The current trend presents several challenges for the county. First, as Montgomery County relies significantly on income taxes to fund public services, a disproportionately low-income population could lead to reduced revenues and quality of services. Second, an unbalanced labor force limits business growth. Some of the county’s most competitive industries, like life sciences, rely on a large pool of middle- and high-income workers. Without this labor force, these businesses may leave the county or decline to locate here in the first place. The Montgomery County Life Sciences Real Estate and Land Use Compatibility Study notes this challenge, and Montgomery Planning’s Great Seneca Plan develops strategies to encourage more housing in the county’s leading life sciences corridor. This unbalanced income growth also threatens the public-sector labor force. Many essential jobs like teachers, police officers, and firefighters earn middle-income wages, especially at the early stages of their careers. If current patterns continue, these workers face unreasonably long commutes and may choose to work in other places altogether.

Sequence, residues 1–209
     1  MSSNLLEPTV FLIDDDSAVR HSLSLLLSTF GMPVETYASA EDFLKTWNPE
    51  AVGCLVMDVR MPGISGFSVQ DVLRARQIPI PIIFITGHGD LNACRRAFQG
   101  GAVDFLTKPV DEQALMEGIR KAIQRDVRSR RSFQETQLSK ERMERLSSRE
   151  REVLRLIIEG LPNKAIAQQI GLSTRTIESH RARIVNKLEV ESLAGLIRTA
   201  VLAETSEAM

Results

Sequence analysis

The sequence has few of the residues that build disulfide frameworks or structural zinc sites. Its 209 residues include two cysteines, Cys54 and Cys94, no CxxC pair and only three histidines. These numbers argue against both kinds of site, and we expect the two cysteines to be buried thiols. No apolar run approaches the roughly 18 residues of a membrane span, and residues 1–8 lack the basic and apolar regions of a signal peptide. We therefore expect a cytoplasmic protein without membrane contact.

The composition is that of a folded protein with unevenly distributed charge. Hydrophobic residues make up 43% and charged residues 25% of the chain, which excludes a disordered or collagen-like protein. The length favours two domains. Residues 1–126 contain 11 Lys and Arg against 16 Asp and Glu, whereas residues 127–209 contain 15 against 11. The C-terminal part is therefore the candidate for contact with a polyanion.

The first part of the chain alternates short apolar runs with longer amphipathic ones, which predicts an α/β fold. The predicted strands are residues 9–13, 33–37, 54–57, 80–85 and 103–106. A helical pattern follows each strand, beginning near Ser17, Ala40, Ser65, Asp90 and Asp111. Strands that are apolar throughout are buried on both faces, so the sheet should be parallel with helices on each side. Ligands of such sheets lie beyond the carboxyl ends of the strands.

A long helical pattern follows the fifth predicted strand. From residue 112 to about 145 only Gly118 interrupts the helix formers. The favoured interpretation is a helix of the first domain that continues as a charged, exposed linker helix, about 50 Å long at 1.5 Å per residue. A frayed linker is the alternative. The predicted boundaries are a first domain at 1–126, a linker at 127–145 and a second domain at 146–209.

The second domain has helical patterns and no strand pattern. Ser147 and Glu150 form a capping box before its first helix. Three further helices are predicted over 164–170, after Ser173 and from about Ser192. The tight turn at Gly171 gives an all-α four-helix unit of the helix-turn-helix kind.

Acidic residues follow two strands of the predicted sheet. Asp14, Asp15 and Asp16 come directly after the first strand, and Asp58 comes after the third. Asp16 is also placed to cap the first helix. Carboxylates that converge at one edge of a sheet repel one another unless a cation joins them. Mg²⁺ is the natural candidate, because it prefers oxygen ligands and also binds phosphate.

There is no single cause of the income shift underway in Montgomery County. However, these population trends in the context of the well-documented housing shortage suggest that many people can’t find appropriate housing that would allow them to stay or move to the county.

Taking Action with Market-Rate Infill Housing

This is why the main, actionable takeaway from this research is to encourage the production of market-rate infill housing. In doing so, Montgomery County can become an innovator and a leader in solving a problem that many places have been slow to confront. If the county continues to provide enough housing to grow at all income levels, it can move past the zero-sum housing competition that currently exists. A growing housing “pie” reduces the competition for the last slice. Welcoming low-income residents becomes unsustainable only when the rate of increase of this population far outpaces those elsewhere along the income distribution—that is, when middle- and high-income population increases don’t keep pace. Montgomery County—along with others like it—needs to expand its middle-income group urgently, and the best way to do this is by adding housing that is attainable to this population. The Housing for All chapter of Thrive Montgomery 2050 notes several strategies for encouraging this type of housing.